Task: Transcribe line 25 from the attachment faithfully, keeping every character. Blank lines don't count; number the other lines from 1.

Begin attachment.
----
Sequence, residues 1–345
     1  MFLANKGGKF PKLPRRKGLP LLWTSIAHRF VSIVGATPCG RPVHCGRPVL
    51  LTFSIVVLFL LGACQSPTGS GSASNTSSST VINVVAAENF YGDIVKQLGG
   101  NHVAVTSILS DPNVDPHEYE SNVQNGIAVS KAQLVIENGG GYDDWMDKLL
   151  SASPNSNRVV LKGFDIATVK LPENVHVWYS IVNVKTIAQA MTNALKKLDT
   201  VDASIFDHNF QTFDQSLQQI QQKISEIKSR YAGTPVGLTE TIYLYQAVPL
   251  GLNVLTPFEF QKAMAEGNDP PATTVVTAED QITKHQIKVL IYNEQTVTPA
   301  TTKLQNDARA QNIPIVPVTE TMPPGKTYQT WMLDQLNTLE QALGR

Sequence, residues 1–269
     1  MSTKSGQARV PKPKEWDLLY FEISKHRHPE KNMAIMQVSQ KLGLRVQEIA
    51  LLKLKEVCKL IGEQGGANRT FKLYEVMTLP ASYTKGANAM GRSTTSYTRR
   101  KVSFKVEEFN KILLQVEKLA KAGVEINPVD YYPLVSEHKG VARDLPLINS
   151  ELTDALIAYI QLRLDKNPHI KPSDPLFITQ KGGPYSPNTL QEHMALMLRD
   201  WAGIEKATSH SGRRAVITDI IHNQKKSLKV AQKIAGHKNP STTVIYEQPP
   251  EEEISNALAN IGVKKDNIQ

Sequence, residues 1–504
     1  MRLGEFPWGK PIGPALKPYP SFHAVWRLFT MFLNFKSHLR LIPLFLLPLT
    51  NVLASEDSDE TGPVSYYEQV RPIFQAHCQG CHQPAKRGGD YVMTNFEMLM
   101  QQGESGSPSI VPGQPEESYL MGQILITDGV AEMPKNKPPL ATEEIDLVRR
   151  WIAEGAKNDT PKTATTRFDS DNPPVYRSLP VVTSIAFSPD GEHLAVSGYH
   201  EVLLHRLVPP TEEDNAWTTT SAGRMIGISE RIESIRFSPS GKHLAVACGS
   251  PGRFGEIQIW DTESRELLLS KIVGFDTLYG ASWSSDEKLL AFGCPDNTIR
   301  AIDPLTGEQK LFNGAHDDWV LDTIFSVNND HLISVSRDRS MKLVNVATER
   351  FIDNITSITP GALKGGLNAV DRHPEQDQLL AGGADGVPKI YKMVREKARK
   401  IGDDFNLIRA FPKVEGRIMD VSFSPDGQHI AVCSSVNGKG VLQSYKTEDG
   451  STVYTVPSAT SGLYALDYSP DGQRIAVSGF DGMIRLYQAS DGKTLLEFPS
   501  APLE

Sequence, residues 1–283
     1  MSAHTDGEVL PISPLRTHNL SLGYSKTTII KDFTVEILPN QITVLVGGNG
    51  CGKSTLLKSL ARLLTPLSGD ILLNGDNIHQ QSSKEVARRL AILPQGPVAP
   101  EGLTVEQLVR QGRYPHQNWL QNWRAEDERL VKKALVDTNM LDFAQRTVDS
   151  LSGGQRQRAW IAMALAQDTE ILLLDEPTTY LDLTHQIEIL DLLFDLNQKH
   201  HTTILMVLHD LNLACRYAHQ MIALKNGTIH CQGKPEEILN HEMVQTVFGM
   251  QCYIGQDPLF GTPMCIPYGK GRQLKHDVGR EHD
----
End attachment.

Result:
   401  IGDDFNLIRA FPKVEGRIMD VSFSPDGQHI AVCSSVNGKG VLQSYKTEDG